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How is Genuine Faith Different from Positive-thinking Psychology?

Jesus’ disappointment with His disciples’ inability to cast the demon out of the epileptic boy is readily felt in the words, “O faithless and perverse generation, how long shall I be with you?” (Matt. 17:17).

Later, in privacy the disciples asked Jesus, “Why could we not cast it out?” (v. 19). When Christ sent the disciples out (Matt. 10:6–8), He explicitly commissioned them to do these kinds of miracles. Less than a year later, they failed where they had once succeeded. Christ’s explanation for their failure was that their faith was deficient (v. 20). The deficiency did not consist in a lack of confidence; they were surprised that they could not cast out this demon. The problem probably lay in a failure to make God—rather than their own gifts—the object of their confidence.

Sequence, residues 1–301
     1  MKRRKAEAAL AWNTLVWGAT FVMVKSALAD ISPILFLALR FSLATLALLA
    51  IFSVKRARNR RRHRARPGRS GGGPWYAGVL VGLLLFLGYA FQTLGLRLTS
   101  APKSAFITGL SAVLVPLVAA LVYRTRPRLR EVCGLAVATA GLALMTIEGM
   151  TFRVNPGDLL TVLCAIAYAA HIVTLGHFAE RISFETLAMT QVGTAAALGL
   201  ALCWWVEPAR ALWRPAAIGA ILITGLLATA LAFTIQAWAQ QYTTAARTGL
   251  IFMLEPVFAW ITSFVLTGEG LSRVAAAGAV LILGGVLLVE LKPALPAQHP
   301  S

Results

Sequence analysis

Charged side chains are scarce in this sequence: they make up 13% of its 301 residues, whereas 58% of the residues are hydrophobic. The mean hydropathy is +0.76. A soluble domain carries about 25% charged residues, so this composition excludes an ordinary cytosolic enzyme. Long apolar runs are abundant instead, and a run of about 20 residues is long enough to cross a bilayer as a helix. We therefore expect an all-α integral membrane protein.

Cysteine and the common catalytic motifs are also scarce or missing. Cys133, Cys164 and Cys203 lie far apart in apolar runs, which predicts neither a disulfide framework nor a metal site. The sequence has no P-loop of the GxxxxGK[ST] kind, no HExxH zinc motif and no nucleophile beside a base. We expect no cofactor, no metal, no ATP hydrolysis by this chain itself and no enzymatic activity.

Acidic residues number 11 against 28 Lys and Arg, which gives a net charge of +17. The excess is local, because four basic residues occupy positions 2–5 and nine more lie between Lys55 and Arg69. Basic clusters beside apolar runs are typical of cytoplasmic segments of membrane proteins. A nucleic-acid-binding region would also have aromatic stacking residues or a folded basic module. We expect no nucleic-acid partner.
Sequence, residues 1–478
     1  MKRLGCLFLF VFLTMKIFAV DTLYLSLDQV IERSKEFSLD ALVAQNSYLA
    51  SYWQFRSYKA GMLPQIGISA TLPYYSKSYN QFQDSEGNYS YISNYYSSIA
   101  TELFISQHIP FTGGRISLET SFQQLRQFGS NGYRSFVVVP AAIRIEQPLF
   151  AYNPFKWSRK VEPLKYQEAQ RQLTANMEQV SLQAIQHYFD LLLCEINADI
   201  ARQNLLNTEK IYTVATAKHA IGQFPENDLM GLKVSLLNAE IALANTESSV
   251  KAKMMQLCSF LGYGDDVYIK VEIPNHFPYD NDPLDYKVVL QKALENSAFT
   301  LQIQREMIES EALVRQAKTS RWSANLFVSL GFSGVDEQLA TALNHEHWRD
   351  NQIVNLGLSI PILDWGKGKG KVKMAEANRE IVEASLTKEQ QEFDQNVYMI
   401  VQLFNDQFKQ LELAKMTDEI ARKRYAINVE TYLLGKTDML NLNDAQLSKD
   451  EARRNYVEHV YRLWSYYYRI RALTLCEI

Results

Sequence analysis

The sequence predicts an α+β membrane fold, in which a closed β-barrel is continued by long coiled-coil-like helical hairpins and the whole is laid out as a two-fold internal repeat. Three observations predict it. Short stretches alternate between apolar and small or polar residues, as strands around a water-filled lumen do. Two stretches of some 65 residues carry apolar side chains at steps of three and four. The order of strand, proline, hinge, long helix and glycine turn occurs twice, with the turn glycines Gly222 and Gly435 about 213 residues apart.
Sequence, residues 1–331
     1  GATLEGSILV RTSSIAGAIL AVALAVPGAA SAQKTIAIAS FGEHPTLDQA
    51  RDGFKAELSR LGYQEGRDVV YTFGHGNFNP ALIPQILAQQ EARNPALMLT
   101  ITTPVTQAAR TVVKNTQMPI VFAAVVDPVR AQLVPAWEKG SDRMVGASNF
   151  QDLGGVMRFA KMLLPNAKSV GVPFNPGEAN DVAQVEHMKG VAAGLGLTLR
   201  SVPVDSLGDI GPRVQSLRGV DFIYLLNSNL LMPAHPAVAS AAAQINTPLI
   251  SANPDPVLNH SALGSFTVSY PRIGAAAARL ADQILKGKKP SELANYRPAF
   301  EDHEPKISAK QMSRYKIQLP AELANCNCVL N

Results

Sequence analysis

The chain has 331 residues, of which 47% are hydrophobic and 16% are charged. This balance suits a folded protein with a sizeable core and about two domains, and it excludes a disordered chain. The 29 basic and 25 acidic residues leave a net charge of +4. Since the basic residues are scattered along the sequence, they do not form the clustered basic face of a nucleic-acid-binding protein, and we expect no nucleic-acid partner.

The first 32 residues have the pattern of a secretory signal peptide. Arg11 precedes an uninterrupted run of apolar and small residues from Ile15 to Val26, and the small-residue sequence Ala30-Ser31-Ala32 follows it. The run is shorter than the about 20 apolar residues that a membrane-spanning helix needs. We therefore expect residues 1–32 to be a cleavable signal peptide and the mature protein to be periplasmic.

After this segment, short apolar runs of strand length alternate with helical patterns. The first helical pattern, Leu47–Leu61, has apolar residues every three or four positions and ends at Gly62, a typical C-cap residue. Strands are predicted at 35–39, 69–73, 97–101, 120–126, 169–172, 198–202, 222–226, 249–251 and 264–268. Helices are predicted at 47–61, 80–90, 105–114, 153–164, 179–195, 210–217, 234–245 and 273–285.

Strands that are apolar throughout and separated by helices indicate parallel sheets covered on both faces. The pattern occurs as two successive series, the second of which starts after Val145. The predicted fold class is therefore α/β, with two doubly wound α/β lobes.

True faith, even “faith as a mustard seed” (v. 20), by Christ’s definition, always involves surrender to the will of God. What He was teaching here is nothing like positive-thinking psychology. He was saying that both the source and the object of all genuine faith—even the weak, mustard seed variety—is God. And “with God nothing will be impossible” (Luke 1:37). Here, Christ assumes the qualifying thought that is explicitly added by 1 John 5:14: what we ask for must be “according to His will.”

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Christ Jesus Matt


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